Advice Using OBS

When I started using OBS this is what I discovered:

  • OBS makes my MAC (a MacBook Pro15) sound like it’s going to overheat. Video encoding and streaming are intense on the CPU. When doing a livestream I close every app not being used.
  • The key to OBS is to understand the concept of ‘Scenes’. Each scene takes video and audio from a source. For example, Scene 1 could be video from your camera and audio from your mic. Scene 2 could be video from a different camera and audio from your mic. Scene 3 could be a GIF image overlayed across the video enabling you to do a promo for your new release. By manually switching from scene to scene you create the cutting effect everyone is used to seeing on TV.
  • In addition, a scene can mix together multiple sources. So, for instance, if I’m giving a presentation, I can show a Google Slide slide but show my head in a small box in the lower left of the screen.
  • The OBS software can be used as a Virtual Camera. This is a little tricky to explain, but means, the output from OBS can be fed into an app like Zoom. Then, if you’re doing a stream on Zoom you can use all the effects & tools in OBS, which then appear in your Zoom.
  • You’ll likely need Virtual Cables at some point. I use them to route audio from my DJ software (Traktor) to StreamLabs, then listen to the audio through Bluetooth headphones.

I won’t lie. Using this software can be a steep learning curve. But, like a lot of apps (Pro Logic, Photoshop) or playing an instrument, you dive in, watch some tutorials, piece things together and then get ready to go live.

StreamLabs OBS

I use StreamLabs to give my presentations, mixing slideshows, web pages and my face. I either record them or stream them to The Artist Network’s profile on Facebook.

However, I also use it to stream DJ sets under my artist name, ‘Aaargh! An Alien!” to Twitch. For these, I mix an image of the mixer with dancing scenes I find on YouTube. (Word of warning: I don’t save these because Twitch currently doesn’t have licenses so I don’t want to receive a ‘Take Down’ notice)

Let me repeat, you don’t need to use a streaming app. Platforms like YouTube and Facebook enable you to live stream for free using just your phone. However, if you’re going to do regular livestreams and you want the audio to be high quality, then it’s worth learning how to use it. Failing that, getting someone in your artist network who knows how to use it 🙂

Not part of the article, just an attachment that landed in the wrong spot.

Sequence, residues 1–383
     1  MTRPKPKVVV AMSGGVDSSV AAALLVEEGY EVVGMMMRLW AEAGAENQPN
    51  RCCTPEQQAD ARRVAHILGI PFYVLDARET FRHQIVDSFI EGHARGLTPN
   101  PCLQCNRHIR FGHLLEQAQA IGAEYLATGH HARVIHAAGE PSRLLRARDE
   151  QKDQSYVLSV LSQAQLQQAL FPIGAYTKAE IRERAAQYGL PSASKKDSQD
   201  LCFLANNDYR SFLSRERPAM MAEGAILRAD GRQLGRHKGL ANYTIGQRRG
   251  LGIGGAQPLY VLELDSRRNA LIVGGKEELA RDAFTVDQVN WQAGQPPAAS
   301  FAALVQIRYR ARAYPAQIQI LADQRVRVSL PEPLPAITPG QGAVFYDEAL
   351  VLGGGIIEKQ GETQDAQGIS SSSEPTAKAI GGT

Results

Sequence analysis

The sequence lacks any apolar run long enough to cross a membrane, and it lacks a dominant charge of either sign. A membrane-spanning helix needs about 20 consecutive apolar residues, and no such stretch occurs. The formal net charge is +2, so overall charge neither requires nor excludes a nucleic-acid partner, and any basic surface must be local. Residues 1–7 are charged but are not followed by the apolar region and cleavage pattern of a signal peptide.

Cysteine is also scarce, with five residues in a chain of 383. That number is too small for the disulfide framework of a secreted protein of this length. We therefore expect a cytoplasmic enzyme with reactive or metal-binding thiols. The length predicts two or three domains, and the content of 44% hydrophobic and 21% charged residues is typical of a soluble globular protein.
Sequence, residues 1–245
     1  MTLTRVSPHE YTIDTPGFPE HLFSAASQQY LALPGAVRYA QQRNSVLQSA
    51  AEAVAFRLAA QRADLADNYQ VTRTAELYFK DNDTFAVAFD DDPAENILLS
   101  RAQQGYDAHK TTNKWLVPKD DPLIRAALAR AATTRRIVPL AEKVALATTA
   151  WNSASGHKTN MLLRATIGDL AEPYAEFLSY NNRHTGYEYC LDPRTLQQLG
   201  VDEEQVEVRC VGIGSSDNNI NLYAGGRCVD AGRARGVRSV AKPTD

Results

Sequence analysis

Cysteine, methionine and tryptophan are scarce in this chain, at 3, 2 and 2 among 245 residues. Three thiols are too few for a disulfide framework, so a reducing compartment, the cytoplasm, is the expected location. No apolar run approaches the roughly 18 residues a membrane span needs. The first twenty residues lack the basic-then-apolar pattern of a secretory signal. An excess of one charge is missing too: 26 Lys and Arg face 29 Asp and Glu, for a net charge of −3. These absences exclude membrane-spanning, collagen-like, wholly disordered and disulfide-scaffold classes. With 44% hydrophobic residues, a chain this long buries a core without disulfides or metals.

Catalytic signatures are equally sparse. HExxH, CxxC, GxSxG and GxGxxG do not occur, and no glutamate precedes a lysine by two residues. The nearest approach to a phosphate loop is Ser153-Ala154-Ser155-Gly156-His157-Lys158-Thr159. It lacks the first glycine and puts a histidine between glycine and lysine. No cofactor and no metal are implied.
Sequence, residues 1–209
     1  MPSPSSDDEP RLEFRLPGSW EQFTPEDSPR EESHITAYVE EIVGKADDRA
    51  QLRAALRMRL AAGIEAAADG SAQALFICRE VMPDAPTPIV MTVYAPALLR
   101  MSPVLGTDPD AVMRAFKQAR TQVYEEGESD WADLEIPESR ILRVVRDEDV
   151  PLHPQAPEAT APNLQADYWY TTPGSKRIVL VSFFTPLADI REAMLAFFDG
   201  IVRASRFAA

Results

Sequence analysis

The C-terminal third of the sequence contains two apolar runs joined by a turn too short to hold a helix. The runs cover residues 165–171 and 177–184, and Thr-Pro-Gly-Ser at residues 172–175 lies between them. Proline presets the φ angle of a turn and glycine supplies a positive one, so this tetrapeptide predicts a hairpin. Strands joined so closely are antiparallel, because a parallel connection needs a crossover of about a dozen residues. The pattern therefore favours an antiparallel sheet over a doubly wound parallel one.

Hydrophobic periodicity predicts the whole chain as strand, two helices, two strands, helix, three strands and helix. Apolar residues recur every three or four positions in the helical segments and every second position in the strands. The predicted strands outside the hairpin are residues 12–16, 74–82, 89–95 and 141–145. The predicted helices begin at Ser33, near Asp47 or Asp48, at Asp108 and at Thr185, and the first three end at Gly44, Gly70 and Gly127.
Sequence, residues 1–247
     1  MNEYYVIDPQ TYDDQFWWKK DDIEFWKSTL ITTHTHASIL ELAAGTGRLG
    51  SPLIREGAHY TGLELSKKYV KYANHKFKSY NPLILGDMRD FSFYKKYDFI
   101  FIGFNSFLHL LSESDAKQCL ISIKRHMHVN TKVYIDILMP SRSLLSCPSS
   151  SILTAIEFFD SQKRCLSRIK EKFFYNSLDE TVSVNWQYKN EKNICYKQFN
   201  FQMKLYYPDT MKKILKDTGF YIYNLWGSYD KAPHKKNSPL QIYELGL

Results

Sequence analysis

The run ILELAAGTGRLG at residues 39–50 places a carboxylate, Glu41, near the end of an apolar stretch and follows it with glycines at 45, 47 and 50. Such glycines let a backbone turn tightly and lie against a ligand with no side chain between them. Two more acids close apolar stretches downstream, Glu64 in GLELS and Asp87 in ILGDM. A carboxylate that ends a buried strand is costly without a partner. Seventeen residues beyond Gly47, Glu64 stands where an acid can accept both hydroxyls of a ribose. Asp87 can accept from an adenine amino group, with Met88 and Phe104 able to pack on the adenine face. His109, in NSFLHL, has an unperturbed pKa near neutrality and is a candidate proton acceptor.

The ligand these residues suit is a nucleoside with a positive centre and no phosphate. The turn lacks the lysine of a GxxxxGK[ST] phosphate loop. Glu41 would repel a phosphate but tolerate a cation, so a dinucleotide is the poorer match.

Live Streaming “Native” to Platforms

There is a debate ‘raging’ amongst Live Streamers, whether to stream via an app, such as OBS, or go ‘native’. This means to stream directly to the platform.

The reason for the debate is that using software such as OBS can result in a small delay. It’s not much but it can result in a small lag between people chatting. You’re probably all familiar with it from watching TV. This lag can cause the flow of conversation to be a little stilted. In addition, OBS can sometimes become unstable causing the stream to freeze.

The alternative, streaming direct, means the chat and live feel is more natural.

Jackie Venson live streamed music every day

Texas-based artist, Jackie Venson, live streams almost every day and has accumulated hundreds of thousands of Followers across several platforms. She uses ‘Selfie Mode’ on the camera to see the chat.

Watch Jackie’s manager, Louie Carr, explain the advantages of streaming ‘natively’ to the social media platforms

How to Live Stream Your Music

These are the best platforms to livestream music due to the number of people they can reach, they’re free to use and have an abundance of built-in interaction features.

You can also free livestream directly to sites such as Bandcamp, Stageit and

Alternatively, you can livestream free performances to software such as Zoom or Crowdcast. These enable you to embed a player in your website or be independent of the large social media platforms.

For each of these sites, the best way to live stream music is to take a signal feed from streaming software apps such as OBS.

How to Livestream Music on YouTube

You can monetise through revenue share options, enable ads and even set up a monthly membership, although there are eligibility requirements.

Has important features like the ability to do a test beforehand and save your performance.